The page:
The hurricane on “Ile aux singes” could have accelerated the aging of rhesus macaques

A powerful hurricane that ended up killing 3,000 people hit Puerto Rico in September 2017. Humans weren’t the only victims, however. The hurricane also passed through Cayo Santiago’s “Monkey Island” where a population of rhesus macaques had long been studied by scientists. According to them, the hurricane could have impacted the life cycle of this population of macaques.

The island’s monkey population came under scrutiny following Hurricane Maria. The results obtained enabled the scientists to observe that the hurricane could have accelerated the rate of aging of the immune system of the rhesus macaques.

These results suggest that extreme climatic events could also disrupt human biology. This situation is all the more worrying as the climate change that is currently raging could generate many meteorological events of this type.

Genetic analysis

The blood of rhesus macaques was analyzed to check the possible effects of the hurricane on the regulation of immune cell genes and on aging. The results were then compared with those obtained on samples taken before the hurricane.

A global analysis of the expression of immune genes showed that 4% of the genes of the immune cells of the monkeys had undergone alterations after the passage of the hurricane. The researchers also found that the most expressed genes were those connected to inflammation, while genes related to important immune functions were attenuated.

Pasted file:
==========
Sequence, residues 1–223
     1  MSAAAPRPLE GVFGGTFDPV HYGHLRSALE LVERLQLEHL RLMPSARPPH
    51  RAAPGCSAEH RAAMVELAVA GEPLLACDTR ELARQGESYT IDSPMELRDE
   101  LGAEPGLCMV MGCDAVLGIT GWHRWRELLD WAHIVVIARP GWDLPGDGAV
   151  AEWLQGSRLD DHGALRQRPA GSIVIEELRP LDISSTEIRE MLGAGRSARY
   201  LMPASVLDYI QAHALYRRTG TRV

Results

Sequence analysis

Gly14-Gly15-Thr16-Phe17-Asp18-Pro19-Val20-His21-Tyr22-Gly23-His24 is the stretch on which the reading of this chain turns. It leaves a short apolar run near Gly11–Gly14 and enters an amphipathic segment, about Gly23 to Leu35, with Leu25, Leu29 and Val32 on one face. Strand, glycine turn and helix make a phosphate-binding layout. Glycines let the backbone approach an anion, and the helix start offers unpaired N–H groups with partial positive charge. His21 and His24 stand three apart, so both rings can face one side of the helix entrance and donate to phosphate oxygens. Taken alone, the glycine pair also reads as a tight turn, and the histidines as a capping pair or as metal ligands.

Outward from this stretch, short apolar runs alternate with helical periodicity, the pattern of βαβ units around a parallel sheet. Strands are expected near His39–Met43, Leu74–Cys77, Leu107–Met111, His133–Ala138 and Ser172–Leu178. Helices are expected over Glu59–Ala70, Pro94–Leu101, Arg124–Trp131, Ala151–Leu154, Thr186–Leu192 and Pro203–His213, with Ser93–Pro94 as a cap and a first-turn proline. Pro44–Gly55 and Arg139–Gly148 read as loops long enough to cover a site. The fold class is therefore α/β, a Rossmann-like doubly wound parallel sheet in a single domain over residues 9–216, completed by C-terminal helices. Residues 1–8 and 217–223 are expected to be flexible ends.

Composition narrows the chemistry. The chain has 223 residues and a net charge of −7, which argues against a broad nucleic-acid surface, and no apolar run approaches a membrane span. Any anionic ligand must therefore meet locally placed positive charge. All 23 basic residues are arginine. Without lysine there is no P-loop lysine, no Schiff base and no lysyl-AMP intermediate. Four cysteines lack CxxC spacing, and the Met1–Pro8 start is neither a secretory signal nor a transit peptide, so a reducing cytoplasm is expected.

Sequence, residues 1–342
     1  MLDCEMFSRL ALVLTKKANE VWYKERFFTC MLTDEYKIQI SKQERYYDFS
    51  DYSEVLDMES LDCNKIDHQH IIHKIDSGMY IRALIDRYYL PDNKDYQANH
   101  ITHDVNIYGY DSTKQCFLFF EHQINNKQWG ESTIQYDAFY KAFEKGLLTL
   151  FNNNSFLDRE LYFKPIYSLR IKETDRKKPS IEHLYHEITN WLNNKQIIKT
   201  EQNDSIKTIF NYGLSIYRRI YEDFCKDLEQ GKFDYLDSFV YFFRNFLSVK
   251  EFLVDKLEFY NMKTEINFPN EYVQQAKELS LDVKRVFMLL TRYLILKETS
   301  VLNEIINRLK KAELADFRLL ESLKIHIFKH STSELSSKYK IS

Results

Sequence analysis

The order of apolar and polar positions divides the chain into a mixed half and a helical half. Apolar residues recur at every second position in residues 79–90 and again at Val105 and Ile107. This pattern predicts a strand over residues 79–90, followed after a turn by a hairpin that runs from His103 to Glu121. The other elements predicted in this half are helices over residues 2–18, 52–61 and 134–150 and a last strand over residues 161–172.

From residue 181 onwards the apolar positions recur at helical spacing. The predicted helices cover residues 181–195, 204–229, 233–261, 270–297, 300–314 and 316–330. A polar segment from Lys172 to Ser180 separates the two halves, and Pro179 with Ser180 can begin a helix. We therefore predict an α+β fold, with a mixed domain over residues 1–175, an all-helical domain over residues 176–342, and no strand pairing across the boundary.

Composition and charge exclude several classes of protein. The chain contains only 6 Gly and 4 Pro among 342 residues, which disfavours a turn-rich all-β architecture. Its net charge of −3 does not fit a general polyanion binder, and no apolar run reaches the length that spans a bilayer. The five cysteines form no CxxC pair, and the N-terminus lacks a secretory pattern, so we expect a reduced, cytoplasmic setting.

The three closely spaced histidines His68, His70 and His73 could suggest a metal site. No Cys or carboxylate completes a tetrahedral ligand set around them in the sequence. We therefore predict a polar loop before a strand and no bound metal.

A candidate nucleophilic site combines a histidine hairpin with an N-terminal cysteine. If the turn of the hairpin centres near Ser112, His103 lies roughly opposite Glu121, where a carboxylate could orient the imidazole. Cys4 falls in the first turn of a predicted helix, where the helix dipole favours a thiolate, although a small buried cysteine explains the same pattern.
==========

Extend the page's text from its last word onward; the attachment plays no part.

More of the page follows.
Since rhesus macaques display similar biological and behavioral traits to humans, it is likely that these gene changes also occur in humans following extreme natural disasters.

The effects of the hurricane on aging

According to the researchers, the surviving monkeys had immune gene expression profiles that had aged an average of two years, or about seven or eight years of the human lifespan.

Scientists explain that a negative experience like surviving an extreme event can lead to chronic inflammation and early signs of certain age-related diseases like heart disease. However, the researchers admit that it is not yet clear how these events embed themselves in the body to lead to negative health effects.


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